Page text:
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Alumni and Friends Making an Impact

Education and Values

Both of Sandra Henry’s ’69 parents were smart and accomplished, but neither was able to complete their bachelor’s degree due to a lack of funds. In their honor, she has created two scholarships: the Kenneth Henry Scholarship and the Alice Henry Scholarship. As a lifelong educator, she directed the scholarships to help UD School of Education and Health Sciences students earn their degrees — and graduate without substantial debt.

For both scholarships, first priority is given to students in the University of Dayton Sinclair Academy. UDSA provides students with a flexible and affordable path toward a UD degree, which is a smart investment. And she is no stranger to savvy strategies.

One way she continues to build upon the principal investment in her two endowed scholarships is by making direct donations of the annual minimum required distribution from her retirement account. This allows her to put the money toward something she values without incurring the tax consequences of receiving retirement funds she doesn’t currently need.

When she was at UD, Henry had fun going to UD football and basketball games, and she appreciates that UDSA students can enjoy these activities, too. It’s a sign to her that UD is offering UDSA students a complete community experience during their first two years at Sinclair. Academy students can attend these games and use UD facilities like the RecPlex and The Hub at the Dayton Arcade. They can get involved in hundreds of clubs and student organizations and have committed academic advisers. There are also plenty of opportunities to serve and give back.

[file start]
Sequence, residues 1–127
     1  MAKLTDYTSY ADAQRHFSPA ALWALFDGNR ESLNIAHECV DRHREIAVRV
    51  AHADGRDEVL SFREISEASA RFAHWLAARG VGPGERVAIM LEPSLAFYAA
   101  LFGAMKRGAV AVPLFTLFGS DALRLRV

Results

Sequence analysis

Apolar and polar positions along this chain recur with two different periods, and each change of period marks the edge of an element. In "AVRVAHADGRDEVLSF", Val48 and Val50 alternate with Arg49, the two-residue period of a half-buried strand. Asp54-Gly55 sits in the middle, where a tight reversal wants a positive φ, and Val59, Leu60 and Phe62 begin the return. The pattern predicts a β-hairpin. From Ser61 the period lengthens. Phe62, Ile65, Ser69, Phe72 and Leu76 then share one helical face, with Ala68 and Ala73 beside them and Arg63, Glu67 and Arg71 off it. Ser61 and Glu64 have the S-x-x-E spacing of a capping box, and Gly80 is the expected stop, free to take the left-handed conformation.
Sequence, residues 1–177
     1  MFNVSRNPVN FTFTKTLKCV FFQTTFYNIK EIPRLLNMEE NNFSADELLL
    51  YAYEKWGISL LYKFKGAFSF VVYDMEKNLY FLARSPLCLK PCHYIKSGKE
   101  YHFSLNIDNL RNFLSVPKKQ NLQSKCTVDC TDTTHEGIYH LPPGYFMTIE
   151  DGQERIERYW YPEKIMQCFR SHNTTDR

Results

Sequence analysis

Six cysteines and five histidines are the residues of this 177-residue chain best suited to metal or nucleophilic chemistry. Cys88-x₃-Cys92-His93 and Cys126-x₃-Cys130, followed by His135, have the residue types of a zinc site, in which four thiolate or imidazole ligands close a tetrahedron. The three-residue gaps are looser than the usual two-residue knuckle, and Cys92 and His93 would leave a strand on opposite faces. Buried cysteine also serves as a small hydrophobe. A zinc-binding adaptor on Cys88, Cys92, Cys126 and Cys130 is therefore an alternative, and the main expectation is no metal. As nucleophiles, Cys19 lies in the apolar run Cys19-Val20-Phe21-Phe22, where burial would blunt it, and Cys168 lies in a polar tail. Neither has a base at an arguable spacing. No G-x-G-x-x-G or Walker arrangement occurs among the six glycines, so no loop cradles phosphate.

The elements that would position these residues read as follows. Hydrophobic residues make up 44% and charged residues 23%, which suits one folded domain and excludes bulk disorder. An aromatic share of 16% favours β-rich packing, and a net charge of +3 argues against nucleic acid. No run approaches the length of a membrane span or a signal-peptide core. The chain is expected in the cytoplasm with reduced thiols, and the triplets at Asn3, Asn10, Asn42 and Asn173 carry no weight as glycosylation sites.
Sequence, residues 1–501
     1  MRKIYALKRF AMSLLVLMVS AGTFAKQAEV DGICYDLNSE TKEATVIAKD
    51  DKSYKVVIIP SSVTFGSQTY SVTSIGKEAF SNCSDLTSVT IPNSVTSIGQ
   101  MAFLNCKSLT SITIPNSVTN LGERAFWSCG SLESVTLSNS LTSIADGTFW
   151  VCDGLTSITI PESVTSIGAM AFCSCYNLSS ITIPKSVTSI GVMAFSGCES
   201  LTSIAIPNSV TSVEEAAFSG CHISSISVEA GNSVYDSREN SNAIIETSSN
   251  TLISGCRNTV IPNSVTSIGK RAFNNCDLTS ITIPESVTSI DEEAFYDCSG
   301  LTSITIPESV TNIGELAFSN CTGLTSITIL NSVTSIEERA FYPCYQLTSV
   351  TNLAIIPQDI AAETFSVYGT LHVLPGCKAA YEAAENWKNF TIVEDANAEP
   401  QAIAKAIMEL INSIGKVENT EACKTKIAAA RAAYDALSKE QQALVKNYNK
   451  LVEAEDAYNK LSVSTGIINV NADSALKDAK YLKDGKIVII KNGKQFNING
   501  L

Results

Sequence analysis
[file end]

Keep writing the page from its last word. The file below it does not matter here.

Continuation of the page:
“UD provides students so many opportunities to give of their time and talent,” said Henry, who knows how intricately service and community life at UD are intertwined. Service is an important part of the learning process, not just a philanthropic outcome.

“Our society depends on having people with education and values. I would not make a donation to a school that didn’t have a value system like University of Dayton does.”

“Our society depends on having people with education and values. I would not make a donation to a school that didn’t have a value system like University of Dayton does,” said Henry.

As an educator for 32 years, she knows that teachers don’t choose their jobs based on the money they’ll earn: it’s a calling with service at its heart.

As she spoke about service and philanthropy, she remembered her parish priest discussing the widow’s offering (or widow’s mite) from Luke 21:1-4. In that passage, Jesus explains how the widow’s offering of two small coins (less valuable than a penny today) was extremely generous.

There are many interpretations of the text, but one aspect that resonated with Henry was the generosity of the gift based on ability. Not everyone has the ability to make a significant gift of money, but we can all give of our time and our talent.

“Part of being a good person is going beyond yourself,” she said. “Zeroing in on yourself is not the way to live. And it pales in comparison to the satisfaction you get out of doing something for someone else.”

Based on Henry’s service commitments in her local community and her support of the University of Dayton, she must be feeling very satisfied, indeed.

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